The only good thing about Meraki is that their immoral (and potentially illegal acts) led to the open mesh firmware of B.A.T.M.A.N. and RO.B.IN.
A company that started in an open source MIT project, that initially encouraged hacking their firmware, transformed to retroactively changing their EULA on hardware already bought, making it illegal to run any custom firmware and then they aggressively increased their service fees.
From "happy hacking" to "screw you" - the story of Meraki
"We will be selecting from companies who:
Have raised Seed or Series A funding from a VC or established Angel Investors"
This is a cost to them so they want to increase the likelihood that the startup will do something useful that will feed back into future revenue. There are not a lot of indicators that have reasonable validity and are easy to assess, so they've picked something where others have done some heavy lifting.
So if you're interested in this kind of stuff but willing to try out something other than Meraki, try Ubiquiti (http://www.ubnt.com/). They're our current favorite wireless equipment vendor. Very reliable hardware, really really good prices -- enterprise class wireless for close to off-the-shelf consumer prices. I liked them a little better when their hardware could easily be reflashed to Robin/open-mesh, but Open Mesh has since gone and moved to their own hardware offerings, and Ubiquiti got hit pretty hard by the FCC for making it too easy for hackers to circumvent radio power settings, so they tweaked their ROM chip without updating their model numbers and everybody got screwed by that for a while.
The Ubiquiti management console seems pretty decent so far. We just did an installation for a client where we were seeing 10dB - 20db of difference between his Cisco wireless router and the Ubiquiti unit in the same room. We did have some trouble with Ubiquiti's Java-based management software that ate up almost an hour of troubleshooting time, so there is that. There are ways to do "cloud management" with Ubiquiti's hardware (I liked CloudTrax better...), but it's not real great right now.
If you want to get a wireless point-to-point backhaul going up to around 8 miles, you can do that for about $3,000 of Ubiquiti gear -- really cheap for that kind of thing.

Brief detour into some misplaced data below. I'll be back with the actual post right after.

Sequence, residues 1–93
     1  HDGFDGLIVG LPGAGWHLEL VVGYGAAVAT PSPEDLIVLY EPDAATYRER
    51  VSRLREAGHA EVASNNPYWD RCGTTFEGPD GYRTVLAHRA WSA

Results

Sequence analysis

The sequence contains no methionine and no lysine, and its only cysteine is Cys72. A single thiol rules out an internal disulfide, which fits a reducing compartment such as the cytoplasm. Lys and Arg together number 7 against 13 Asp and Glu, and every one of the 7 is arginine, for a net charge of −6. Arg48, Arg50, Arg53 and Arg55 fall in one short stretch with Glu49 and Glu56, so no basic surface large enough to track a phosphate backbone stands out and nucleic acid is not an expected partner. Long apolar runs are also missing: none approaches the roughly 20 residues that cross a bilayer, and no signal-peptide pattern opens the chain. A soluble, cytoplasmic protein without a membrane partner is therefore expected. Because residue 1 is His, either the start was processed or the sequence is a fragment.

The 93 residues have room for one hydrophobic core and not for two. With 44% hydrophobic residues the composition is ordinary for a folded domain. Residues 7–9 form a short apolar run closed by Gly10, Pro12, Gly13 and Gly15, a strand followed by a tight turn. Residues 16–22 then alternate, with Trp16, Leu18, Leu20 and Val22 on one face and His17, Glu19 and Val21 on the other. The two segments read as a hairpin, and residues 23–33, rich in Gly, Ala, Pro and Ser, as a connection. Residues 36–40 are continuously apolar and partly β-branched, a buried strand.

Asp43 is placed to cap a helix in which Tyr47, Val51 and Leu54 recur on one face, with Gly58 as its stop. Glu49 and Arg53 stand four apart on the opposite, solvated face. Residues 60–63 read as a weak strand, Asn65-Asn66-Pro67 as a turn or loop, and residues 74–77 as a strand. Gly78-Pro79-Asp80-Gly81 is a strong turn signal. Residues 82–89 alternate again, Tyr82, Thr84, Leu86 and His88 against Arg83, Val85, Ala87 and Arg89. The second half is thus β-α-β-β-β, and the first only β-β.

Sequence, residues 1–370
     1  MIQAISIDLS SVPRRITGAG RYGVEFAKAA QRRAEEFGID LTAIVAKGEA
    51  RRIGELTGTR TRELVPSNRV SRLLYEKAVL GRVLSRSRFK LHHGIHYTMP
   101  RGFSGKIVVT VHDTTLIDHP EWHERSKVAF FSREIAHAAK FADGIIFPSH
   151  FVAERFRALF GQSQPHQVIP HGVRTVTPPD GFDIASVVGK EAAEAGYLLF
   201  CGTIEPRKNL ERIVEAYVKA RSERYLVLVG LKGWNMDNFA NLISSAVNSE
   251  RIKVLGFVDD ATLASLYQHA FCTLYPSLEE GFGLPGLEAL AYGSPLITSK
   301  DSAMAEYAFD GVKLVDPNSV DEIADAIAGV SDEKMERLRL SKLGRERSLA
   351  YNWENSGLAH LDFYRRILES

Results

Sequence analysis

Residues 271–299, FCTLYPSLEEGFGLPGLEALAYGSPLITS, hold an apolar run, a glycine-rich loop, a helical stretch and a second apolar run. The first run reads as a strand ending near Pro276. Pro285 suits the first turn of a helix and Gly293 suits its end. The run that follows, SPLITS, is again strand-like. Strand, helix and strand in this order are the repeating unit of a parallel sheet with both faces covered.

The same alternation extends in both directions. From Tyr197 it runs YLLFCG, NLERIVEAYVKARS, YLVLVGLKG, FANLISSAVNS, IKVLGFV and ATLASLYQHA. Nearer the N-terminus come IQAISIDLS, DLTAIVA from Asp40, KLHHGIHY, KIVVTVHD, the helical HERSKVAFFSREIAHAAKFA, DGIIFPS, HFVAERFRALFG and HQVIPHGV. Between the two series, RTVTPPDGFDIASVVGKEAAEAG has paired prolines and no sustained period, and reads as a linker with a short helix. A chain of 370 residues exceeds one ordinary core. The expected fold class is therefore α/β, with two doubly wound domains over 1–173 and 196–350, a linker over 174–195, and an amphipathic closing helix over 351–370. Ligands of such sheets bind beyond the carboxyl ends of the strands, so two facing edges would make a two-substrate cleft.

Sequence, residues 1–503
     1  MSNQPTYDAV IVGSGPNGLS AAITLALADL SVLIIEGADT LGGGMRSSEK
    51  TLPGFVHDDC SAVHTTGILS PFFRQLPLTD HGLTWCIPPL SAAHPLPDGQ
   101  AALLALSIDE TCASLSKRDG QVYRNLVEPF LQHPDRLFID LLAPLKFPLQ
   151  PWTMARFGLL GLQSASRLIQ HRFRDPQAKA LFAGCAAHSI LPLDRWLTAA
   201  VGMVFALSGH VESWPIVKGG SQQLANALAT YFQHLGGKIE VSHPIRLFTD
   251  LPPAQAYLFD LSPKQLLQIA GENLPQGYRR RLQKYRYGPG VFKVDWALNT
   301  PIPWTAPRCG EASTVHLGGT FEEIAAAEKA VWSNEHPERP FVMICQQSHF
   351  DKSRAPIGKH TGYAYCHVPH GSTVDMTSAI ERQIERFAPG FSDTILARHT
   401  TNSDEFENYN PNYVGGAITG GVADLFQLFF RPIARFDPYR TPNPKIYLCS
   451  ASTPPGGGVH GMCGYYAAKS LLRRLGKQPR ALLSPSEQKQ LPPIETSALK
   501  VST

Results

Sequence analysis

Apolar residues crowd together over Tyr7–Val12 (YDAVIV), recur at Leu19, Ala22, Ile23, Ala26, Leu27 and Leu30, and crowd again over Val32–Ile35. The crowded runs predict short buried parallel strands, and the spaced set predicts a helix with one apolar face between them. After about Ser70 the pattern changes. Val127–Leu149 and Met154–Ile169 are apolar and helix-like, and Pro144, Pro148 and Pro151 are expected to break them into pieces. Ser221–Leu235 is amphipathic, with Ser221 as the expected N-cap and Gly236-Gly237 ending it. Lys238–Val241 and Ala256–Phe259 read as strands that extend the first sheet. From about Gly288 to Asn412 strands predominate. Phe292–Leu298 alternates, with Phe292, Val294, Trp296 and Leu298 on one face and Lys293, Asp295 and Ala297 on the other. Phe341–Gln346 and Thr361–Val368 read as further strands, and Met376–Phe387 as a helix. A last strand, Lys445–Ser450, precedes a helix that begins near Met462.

Engenius is another popular brand. We initially liked them a lot, their support for flashing their units to other control software was really good, and Engenius still has a deal with CloudTrax, which is our preferred cloud management software. Unfortunately, their radios just stink. We've had a ton of hardware failures, and we've eaten the cost on some of those. I'm not sure if that's the hot/cold differentials we get here or what, but they just don't seem to last long. In fact ... come to think of it, I think every single one of our Engenius units have been replaced out of necessity. Yuck.
We started out with the off-the-shelf Linksys / Cisco / other routers option, and honestly those really aren't worth the trouble unless you just want basic coverage with fancier management options. Now that Cisco has finished eating Linksys, if you're looking for an up-to-date replacement for that trusty old WRT54GL, try Buffalo's wireless routers. We set up a client with an N300 unit not too long ago. The hardware seems really similar to the WRT54G series (according to my hardware guy), but the built-in Buffalo software was already basically dd-wrt so we didn't feel the need to re-flash.
The only real downside to Ubiqiti is the essential lack of tech support, if you're not able to grok it on your own, then you're kind of SOL (though they do have a great support forum).
The other big challenge to Ubiqiti has been the rampant counterfeiting issues with their equipment, and of course the rumored 'mob hit' on one of their competitors, lol.
Also the title makes it sound like there's a giveaway with 15k worth of routers or something but it's actually 15k per participating startup.
It's all thanks to Toastman's version of the Tomato firmware. I wrote up a nice article about my experience with the whole deal!
The 802.11 MAC has limits, to be sure.
so its not really for "startups", its more of a trick to get companies with capital to have a sales conversation with meraki.
Its a clever sales trick, but it also pisses me off. VC/Angel funding is not the definition of a "legitimate" tech startups. (to borrow from recent oft quoted phrases from recent political discourse)